The Malta Independent 28 January 2023, Saturday
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Updated: Transparency International publishes analysis of lobby meetings in the EP

Monday, 5 December 2022, 08:20 Last update: about 3 months ago

Transparency International EU (TI EU) has released a briefing that analyses more than 28,000 lobby meetings that were published by Members of the European Parliament (MEPs) between June 2019 and July 2022. During this period, just over half of MEPs used the Parliament’s publication system.

The analysis contained in this report is based on 28,344 lobby meetings published by MEPs on their individual pages of the Parliament’s website. The data found that five of Malta’s MEPs (two from the PN and three from the PL), published at least some of their meetings on the EU Parliament’s website, but one PL MEP did not publish any – Cyrus Engerer. While for some reason he does not publish on the EU Parliament’s website, he does publish detailed information about these meetings on his personal website.

The average number of lobby meetings per PL MEP (excluding Engerer) was 96, while the average number of lobby meetings per PN MEP was 8, the data shows. The Labour Party MEPs had the 20th highest number of such meetings of all political parties that have representatives within the EU Parliament.

It is, however, pertinent to note that overall 58% of MEPs were publishing such meetings.

“Overall meeting publication is down from 9,700 meetings in the first year looked at, to 9,300 in the last year,” TI EU said about the overall situation in the EU Parliament. “TI EU has also found huge disparities in rates of publication between political groups and member states.”

Since June 2019 MEPs with a special legislative role (committee chairs, rapporteurs and shadow rapporteurs) have been required to publish their meetings when it relates to the specific files their role pertains to. All other MEPs have been able to publish on a voluntary basis, TI EU said. “The research also highlighted that only a few member states have a large majority of their MEPs who have published a single meeting over three years (the top three being Luxembourg 100% of MEPs, Sweden 95% and Denmark 93%), while some EU members are lagging woefully behind (Latvia 25%, Cyprus 17%, Greece 10%).

TI EU says that when carried out in a transparent manner, lobbying is a healthy part of the democratic decision-making process. “Expert input almost always leads to better laws and regulations. But it can become problematic when carried out behind closed doors, without public scrutiny. This can lead to undue influence, where some special interests vastly outspend others, and where conflicts of interest may influence outcomes. Various mechanisms are in place in Brussels to minimise the risks of undue influence, but there are significant loopholes in the rules and the way they are applied”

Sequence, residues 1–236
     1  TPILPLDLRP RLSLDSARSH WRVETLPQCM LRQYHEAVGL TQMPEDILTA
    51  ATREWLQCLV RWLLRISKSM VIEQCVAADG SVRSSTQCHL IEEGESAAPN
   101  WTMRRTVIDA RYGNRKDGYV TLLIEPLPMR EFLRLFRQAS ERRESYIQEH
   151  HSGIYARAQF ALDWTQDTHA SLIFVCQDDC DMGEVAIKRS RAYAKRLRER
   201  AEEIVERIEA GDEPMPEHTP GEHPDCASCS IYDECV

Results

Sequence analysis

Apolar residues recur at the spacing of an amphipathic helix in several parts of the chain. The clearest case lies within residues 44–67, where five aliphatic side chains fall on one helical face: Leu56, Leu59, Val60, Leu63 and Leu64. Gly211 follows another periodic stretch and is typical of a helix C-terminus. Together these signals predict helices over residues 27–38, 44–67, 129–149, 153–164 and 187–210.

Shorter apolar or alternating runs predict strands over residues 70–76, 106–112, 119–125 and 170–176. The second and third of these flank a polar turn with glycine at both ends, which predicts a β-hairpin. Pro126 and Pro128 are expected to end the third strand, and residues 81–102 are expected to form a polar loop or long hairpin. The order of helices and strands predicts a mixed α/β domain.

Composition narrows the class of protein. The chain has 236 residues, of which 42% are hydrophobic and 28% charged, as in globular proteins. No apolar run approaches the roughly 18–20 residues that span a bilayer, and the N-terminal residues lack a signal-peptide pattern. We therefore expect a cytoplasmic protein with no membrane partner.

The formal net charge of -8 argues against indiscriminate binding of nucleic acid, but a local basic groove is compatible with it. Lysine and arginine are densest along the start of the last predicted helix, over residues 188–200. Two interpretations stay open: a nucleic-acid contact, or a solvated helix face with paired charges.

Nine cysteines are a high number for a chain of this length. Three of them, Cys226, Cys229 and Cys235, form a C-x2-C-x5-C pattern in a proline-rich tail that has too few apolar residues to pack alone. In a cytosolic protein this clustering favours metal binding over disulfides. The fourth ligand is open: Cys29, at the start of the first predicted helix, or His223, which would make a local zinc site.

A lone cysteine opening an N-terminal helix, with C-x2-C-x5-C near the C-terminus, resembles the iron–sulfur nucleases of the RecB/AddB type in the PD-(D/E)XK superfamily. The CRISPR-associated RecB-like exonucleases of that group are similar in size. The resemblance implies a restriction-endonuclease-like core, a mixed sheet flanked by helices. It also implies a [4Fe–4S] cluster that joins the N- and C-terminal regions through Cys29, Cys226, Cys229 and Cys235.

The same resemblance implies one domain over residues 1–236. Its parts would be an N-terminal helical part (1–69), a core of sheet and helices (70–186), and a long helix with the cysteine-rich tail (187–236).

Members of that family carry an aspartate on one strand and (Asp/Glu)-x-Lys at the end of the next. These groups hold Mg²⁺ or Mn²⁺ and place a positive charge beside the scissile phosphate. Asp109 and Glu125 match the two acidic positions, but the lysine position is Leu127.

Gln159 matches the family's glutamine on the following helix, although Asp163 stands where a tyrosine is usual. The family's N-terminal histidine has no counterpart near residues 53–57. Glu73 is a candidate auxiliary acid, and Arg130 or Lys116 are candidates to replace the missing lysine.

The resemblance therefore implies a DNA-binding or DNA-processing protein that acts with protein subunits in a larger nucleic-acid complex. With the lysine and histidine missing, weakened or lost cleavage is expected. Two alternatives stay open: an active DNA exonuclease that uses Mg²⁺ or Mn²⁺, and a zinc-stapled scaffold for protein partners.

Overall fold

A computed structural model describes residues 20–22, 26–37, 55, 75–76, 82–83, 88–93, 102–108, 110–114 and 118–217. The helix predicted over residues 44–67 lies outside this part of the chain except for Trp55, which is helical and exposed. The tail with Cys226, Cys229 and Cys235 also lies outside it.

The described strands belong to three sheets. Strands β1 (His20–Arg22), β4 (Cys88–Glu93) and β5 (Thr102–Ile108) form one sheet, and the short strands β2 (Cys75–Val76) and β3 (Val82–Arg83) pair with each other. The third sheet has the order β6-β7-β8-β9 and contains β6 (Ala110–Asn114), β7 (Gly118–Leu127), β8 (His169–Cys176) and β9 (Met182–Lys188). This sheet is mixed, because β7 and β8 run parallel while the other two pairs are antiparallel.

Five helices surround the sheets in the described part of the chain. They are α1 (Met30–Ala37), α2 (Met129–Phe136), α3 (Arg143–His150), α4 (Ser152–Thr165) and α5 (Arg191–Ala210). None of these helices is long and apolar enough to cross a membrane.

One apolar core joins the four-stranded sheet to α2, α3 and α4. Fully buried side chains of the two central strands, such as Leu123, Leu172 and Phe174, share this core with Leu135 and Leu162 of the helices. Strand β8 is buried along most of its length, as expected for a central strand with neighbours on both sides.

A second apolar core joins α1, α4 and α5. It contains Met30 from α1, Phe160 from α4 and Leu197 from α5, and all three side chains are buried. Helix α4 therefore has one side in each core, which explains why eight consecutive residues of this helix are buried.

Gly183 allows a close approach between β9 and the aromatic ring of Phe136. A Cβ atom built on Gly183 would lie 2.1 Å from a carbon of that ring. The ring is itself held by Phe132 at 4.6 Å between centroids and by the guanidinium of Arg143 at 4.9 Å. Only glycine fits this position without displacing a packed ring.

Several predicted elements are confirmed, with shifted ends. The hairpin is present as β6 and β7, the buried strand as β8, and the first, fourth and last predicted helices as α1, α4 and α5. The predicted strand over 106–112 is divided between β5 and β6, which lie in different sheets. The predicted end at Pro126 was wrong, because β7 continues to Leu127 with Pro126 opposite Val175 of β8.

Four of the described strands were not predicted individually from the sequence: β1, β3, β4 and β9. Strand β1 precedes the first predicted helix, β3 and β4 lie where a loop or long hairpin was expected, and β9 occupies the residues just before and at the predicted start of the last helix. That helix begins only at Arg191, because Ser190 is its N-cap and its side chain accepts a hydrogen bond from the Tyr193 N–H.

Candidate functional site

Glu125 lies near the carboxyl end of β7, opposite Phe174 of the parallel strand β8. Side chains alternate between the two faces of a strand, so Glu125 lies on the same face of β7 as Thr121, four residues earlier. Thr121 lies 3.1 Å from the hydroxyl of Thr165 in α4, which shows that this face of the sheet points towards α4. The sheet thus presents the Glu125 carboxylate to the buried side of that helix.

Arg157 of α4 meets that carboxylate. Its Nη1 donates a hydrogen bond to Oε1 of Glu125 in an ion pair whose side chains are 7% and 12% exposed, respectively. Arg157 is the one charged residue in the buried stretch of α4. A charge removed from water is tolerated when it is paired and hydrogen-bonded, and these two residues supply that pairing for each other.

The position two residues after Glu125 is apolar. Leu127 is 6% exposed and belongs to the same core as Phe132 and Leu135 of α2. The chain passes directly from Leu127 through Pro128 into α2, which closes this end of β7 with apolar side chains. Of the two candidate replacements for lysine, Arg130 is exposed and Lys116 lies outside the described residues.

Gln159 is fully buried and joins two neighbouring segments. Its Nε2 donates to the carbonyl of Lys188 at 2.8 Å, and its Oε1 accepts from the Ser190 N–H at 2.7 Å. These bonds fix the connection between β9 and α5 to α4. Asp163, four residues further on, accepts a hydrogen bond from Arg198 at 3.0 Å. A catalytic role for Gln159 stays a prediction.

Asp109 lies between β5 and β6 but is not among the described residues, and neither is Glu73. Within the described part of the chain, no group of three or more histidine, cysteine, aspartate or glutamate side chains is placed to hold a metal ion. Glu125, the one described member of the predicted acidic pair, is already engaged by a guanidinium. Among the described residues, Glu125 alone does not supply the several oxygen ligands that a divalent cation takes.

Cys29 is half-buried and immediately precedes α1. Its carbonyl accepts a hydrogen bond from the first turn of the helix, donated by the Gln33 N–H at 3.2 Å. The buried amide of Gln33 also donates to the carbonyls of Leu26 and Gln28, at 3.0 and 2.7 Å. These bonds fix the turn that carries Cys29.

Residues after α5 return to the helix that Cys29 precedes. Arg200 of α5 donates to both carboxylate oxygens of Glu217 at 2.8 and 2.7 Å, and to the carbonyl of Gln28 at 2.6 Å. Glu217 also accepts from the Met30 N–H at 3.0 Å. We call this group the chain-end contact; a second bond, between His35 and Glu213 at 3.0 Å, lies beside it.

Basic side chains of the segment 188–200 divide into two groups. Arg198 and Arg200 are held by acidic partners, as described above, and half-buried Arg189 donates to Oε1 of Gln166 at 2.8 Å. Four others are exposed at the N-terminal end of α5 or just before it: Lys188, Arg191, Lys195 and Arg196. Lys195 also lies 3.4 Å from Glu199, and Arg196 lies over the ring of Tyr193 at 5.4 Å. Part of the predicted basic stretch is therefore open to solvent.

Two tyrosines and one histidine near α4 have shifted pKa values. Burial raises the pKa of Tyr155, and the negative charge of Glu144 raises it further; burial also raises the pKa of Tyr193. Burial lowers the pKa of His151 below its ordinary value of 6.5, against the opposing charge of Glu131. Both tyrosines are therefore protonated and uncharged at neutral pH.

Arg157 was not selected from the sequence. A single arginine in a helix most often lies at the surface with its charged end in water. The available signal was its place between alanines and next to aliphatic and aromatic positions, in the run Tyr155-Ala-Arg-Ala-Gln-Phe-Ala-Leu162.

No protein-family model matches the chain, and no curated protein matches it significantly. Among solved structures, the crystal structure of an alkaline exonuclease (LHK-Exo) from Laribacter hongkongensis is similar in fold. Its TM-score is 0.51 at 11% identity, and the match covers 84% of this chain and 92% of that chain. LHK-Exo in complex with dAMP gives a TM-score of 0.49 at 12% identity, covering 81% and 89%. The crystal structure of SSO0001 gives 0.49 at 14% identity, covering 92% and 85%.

Vitor Teixeira, Senior Policy Officer at Transparency International EU said: “There are two main issues with lobby transparency in the Parliament. First of all, there is no oversight or enforcement of the rules. The second issue is that there are many other people involved in lobbying who are not covered by any rules, including Accredited Parliamentary Assistants and Political Group Advisors. The European Parliament should want to give the public a clear picture of who is influencing policy decisions. This will increase both institutional integrity and public trust.”

The TI EU said that in order to remedy the issues raised by this analysis, and to provide a clearer picture of lobbying, the European Parliament should: Start enforcing the rules that are already in place, by introducing effective oversight and imposing sanctions when the rules are breached; Publish information on lobby meetings in a user-friendly online repository, in open data format, with links to relevant information from the Transparency Register and the Legislative Observatory’ Expand the existing publication rules to make sure they also cover lobby meetings with MEP accredited assistants and the policy advisors of political groups.

Cyrus Engerer replies:

In reply to the publication of this articll, Labour MEP Cyrus Engerer said he is one of the few out of 705 Members of the European Parliament to go over and beyond the minimum voluntary requirements of the European transparency register by listing all the meetings held by his office, in Brussels, Strasbourg, Malta or elsewhere in his website.  

He said he is a strong backer of the 2016 proposal by the European Commission for a mandatory transparency register not only for Members of the European Parliament but which should also be applicable to the European Commission and the Council of the European Union - a proposal that was diluted by the European Parliament and the Council.

In his section "Nothing to Hide" on his website, Engerer lists the date of all his meetings, the organisation he met, the people who attended on behalf of the organisation and also publishes a summary of the discussion held. 

Engerer's Transparency Register can be found on http://cyrusengerer.com/nothing-to-hide/

Engerer has recently gone on record in publicly calling for the European Commission to once again come up with a proposal for a Mandatory Transparency Register for all European institutions during a podcast "Talk With A Progressive" with Green MEP Daniel Freund who had in 2016 led the Transparency International campaign - https://fb.watch/hdmnSFfgjd/

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